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Mental health initiatives put together

Mental health initiatives put together

A calendar of mental health and suicide prevention trainings, workshops and programmes is being published to mark this weekend’s World Suicide Prevention Day (Sunday 10 September).

Suicide Prevention Action Group Chair Paula Mason says there are several upcoming opportunities for people to learn more about looking after themselves and their friends/whanau.

“We all need to do something about our mental health issues, and there are many ways people can get involved, including signing up for online free webinars,” she says.

The calendar will include this Sunday’s Lost Souls event remembering people who have died by suicide, at the Greymouth council fountain at 5.30pm; understanding youth mental health workshops in Greymouth and Westport; local support group meetings; workshops for men; and Mental Health Education and Resource Centre webinars on suicide prevention.

“These calendars will be posted on the DHB website www.wcdhb.health.nz, Community and Public Health website www.cph.co.nz, West Coast health social media sites, and printed copies will be available from health facilities and pharmacies on the West Coast.

“Together we can make a difference in looking out for our whanau, knowing what to look for and being able to make sure those who need it get professional help,” Ms Mason says.

To help those you love stay connected, here’s a few tips:

• Make sure your mate turns up for footy, netball or band practice

• Invite them for tea, or a movie, or just for a cuppa, on a regular basis.

• Make sure they’re not hitting the drink too hard, or taking drugs.

“When things go wrong, mental illness and its consequences can have a huge toll on individuals, family, friends, mates, colleagues, and those who have tried to help along the way whether in a personal or professional capacity. If you can see a chance to provide some support, step up and do it. And make sure they are connecting with health services.”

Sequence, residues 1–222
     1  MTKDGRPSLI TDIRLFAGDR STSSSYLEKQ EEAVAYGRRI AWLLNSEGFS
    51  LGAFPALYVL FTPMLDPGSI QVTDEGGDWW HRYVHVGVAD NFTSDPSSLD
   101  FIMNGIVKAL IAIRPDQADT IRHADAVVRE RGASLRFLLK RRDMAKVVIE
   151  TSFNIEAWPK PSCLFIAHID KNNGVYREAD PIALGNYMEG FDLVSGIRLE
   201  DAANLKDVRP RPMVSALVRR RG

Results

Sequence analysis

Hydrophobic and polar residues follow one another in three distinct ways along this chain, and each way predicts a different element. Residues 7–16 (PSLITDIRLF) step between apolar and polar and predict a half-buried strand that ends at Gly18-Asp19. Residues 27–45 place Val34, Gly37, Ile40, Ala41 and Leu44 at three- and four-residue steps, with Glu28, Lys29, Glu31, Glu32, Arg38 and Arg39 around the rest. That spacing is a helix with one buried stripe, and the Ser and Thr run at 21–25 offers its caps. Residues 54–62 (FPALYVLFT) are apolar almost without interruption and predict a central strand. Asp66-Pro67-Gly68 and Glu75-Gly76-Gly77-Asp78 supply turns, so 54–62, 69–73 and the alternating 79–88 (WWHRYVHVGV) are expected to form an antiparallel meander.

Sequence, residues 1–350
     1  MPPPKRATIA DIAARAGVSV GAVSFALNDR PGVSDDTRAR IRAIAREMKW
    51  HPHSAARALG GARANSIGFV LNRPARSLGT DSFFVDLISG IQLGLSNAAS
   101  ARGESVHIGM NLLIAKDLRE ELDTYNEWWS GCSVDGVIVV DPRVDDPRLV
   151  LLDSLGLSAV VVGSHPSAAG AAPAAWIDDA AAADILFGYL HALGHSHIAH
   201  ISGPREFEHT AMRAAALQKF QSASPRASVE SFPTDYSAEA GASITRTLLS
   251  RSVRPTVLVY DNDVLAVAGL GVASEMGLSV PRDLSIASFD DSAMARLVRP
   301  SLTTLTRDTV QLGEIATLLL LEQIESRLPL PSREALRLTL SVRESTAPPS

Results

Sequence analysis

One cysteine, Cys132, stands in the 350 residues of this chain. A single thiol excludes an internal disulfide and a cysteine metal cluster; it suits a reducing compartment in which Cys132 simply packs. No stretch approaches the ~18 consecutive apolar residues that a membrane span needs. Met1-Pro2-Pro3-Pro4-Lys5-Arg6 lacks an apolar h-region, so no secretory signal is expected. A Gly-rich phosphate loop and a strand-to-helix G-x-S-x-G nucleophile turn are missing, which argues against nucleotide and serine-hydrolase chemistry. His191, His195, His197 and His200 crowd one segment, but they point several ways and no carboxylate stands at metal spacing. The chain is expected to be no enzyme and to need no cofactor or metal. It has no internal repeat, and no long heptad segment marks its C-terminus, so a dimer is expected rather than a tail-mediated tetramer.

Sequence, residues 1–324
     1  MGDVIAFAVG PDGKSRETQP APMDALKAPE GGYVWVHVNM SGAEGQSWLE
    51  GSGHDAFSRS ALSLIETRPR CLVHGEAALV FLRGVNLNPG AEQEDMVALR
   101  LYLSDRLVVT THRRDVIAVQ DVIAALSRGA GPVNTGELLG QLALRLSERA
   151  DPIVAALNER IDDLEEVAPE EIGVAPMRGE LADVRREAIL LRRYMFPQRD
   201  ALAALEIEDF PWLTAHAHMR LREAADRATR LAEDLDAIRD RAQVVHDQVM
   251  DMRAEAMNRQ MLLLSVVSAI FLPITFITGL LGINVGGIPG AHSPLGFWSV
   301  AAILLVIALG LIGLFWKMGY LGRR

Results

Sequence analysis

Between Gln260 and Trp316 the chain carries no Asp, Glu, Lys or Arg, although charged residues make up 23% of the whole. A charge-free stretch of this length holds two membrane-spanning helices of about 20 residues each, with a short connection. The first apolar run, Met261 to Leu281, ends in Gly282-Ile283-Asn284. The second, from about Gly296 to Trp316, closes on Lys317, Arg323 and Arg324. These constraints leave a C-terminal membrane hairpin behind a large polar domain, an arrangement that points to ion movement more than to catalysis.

If you or someone you know needs more help, here are some avenues:

In an emergency: Call 111 if there is an immediate danger to life.

General practices (GPs) are a good first step for people needing help. You can also contact the West Coast Primary Health Organisation (03) 768 6182 who offer counselling services.

Triage Assessment and Crisis Team (TACT): Phone 0800 757 678. The TACT team provides psychiatric assessment and treatment for people experiencing an acute episode of mental illness especially when their own or someone else’s safety is at risk. The TACT team can advise in situations where there are concerns about intentional self-harm behaviours.

Community mental health: Phone (03) 768 0499: Community mental health services are provided across the West Coast. They provide psychiatric assessment and treatment for people with serious mental illness.

iCAMHS (Child, Adolescent Mental Health Service): Phone: (03) 769-7670. Community-based services for children (and their families/whanau) from birth to 18 years with serious mental illness, suspected psychiatric or psychological problems, including severe emotional or behavioural problems.

Lifeline – 0800 543 354

Depression Helpline (8am – 12midnight) – 0800 111 757

Healthline – 0800 611 116

Samaritans – 0800 211 211

Suicide Crisis Helpline – 0508 828 865

Youthline – 0800 376 633, free text 234 or email talk@youthline.co.nz

What’s Up (5 – 18 year olds, 1pm – 11pm) – 0800 942 8787

Kidsline (up to 14 years old, 4pm - 6pm weekdays) – 0800 54 37 54

Mental Health Foundation - www.mentalhealth.org.nz/suicideprevention


ENDS


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